LIBERTY, Mo. - Austin McCauley, who in March pleaded guilty to assaulting his former girlfriend last year, finds himself back in a jail cell after new allegations of violence surfaced just hours before he was to be sentenced in the first domestic assault.
In March, McCauley admitted to attacking his then-girlfriend Amber Taylor. The case gained national attention when Taylor posted photos on Facebook of herself, bruised and battered, in a hospital bed.
After entering his plea, McCauley was released on bond and ordered to have no contact whatsoever with Taylor. A sentencing hearing was scheduled for Thursday afternoon, with prosecutors anticipating McCauley would be placed on probation and released with time-served.
But just before McCauley's hearing was set to begin, Clay County prosecutors received a call from police in Blue Springs, who said they responded to a call from Taylor in the early morning hours of April 24.
When police arrived on the scene, Taylor told them she had been out with McCauley when the two began arguing in her parked car. At that time, Taylor told police, McCauley choked her until she lost consciousness, then slapped her to wake her back up, accusing her of faking.
McCauley had left the scene by the time police arrived, and no arrest was made.
So informed, Clay County prosecutors asked the judge in the case to revoke McCauley's bond and remand him into custody, calling him a threat to Taylor and the community at large. Over objections from defense attorneys, the judge ordered McCauley taken back into police custody, and scheduled another hearing in three weeks.
Taylor attended Thursday's hearing, but left after prosecutors asked her about the incident earlier this week. Before the proceedings began, she told 41 Action News that she had not seen McCauley at all since his plea hearing, and was looking forward to getting on with her life.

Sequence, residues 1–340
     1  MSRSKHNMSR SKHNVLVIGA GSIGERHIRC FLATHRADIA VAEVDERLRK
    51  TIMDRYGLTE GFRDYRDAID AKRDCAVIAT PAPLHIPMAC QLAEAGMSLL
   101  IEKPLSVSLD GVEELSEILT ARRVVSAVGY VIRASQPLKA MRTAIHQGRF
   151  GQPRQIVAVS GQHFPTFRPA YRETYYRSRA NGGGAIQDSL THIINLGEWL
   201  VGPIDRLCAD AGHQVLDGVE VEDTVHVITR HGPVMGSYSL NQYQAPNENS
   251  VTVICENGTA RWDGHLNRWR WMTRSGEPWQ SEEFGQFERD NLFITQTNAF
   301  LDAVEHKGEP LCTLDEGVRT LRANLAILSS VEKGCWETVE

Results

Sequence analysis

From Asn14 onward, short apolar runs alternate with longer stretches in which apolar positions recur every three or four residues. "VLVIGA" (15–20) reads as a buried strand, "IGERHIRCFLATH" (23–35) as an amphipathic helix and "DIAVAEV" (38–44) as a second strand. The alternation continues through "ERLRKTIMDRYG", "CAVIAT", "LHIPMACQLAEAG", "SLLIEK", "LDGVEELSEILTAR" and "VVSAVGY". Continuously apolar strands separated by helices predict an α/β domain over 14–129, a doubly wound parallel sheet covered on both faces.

She denied that the two had spoken or had any contact.
In an appearance on the Dr. Phil program last month, Taylor told the show's host she was considering getting back together with McCauley. Advocates for victims of domestic violence say victims returning to their attackers is not uncommon.
"We can't just expect that one incident and they're done," Ilene Shehan, the chief operating officer of Hope House, a domestic violence victim support organization, explained.
"They want the abuse to stop. In situations where a woman may leave the situation, and they're still having contact with their abusive partner, whether that's because of children, because of finances or just because they love them, we can't expect that love it just stops," she said.
Shehan said many domestic violence victims suffer through multiple incidents of abuse before calling police, and that abuse tends to escalate in intensity in each case.
Shehan said loved ones of domestic violence victims should focus on offering support and withholding judgment to help those they care about break the so-called "cycle of abuse."